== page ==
The pulp and paper making industry is one of the major effluent generation industries in the world (Howe and Wagner, 1996; Dutta and Boissya, 1999; Chaudhary et al., 2002). In recent years, the use of treated, partially treated or raw effluent for irrigating productive agriculture or forest crops has become a popular alternative to discharge into surface water bodies (Kannan and Oblisami, 1990; Srivastava, 1991; Fazeli et al., 1998; Phukan and Bhattacharyya, 2003). Among agro-based industries, pulp and paper mills are one of the most polluting industries in India (Chaudhary et al., 2002). India has 666 pulp and paper mills, out of which 632 mills are agro-residue based mills (Kumar and Chopra, 2012). They generate a huge amount of wastewater (black liquor) having high Biological Oxygen Demand (BOD) and chemical oxygen demand (COD) values (Howe and Wagner, 1999; Kumar and Chopra, 2012; Pathak et al., 2013).

Abelmoschus esculentus (L.) is an economically valuable vegetable crop grown in tropical and sub-tropical countries of the world including India (Chopra et al., 2012). This crop is suitable for cultivation as a garden crop as well as on large commercial farms. It is grown commercially in India, Pakistan, Bangladesh, Afghanistan, Turkey, Iran, Burma, Japan, Malayasia, Brazil, Ghana, Ethiopian and the Southern United States (Chopra et al., 2012; Pathak et al., 2012). Globally India ranks first with 3.5 million tonnes (70% of the total global yield) of A. esculentus produced from over 0.35 million ha land (Chopra et al., 2012).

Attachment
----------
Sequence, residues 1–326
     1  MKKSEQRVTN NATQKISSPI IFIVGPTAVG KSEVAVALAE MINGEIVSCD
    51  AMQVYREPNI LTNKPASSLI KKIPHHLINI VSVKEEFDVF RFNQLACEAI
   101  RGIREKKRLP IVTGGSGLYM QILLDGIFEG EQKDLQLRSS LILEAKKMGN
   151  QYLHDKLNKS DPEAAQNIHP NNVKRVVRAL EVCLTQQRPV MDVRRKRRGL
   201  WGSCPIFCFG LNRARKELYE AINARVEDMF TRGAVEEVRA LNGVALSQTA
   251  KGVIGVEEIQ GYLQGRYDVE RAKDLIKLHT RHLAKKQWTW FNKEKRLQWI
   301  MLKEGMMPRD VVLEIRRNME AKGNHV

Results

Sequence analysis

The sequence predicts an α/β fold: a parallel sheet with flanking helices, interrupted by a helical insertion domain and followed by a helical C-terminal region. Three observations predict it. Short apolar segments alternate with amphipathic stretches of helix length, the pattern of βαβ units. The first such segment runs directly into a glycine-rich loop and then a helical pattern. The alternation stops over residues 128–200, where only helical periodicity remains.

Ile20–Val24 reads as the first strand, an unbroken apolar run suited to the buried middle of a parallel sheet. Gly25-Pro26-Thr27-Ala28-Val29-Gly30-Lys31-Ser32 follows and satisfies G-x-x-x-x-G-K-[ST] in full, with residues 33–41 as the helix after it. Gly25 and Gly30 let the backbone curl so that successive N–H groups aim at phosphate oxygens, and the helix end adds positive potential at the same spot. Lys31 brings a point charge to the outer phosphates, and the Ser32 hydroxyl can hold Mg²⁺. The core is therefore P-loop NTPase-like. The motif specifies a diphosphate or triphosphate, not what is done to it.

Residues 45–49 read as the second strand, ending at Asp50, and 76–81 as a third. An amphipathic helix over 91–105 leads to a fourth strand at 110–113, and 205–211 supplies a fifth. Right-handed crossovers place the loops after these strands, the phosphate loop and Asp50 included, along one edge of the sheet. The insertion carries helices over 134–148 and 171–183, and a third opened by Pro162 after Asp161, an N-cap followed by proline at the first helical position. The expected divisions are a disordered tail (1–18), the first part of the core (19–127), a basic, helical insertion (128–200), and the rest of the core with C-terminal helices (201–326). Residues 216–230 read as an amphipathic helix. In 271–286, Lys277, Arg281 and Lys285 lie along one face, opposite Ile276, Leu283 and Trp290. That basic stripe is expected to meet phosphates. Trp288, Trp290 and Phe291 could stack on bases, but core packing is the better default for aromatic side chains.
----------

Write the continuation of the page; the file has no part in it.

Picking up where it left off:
Some crops have higher potential yields with effluent irrigation. It is an important to know the crop-effluent relationship for their suitable use in cultivation of agricultural crops (Kumar, 2010; Chopra and Pathak, 2012). Recently various investigations have been carried out on the use of industrial effluents in cultivation of various agricultural crops (Kannan and Oblisami, 1990; Singh et al., 2002; Hati et al., 2007; Kumar, 2010). But most studies were conducted on few agronomic stages with limited parameters in various crops, but there are few reports on comprehensive agronomic studies at various agronomic stages of these plants (Kaushik et al., 2005; Kumar, 2010). Thus, much attention has not been paid so far on the use of industrial effluents on the cultivation of agricultural crops like A. esculentus. Keeping in view the reuse of effluent as fertigant and the economic importance of A. esculentus, the present investigation was undertaken to study the ferti-irrigational effect of paper mill effluent on agronomical characteristics of Abelmoschus esculentus (L.).

MATERIALS AND METHODS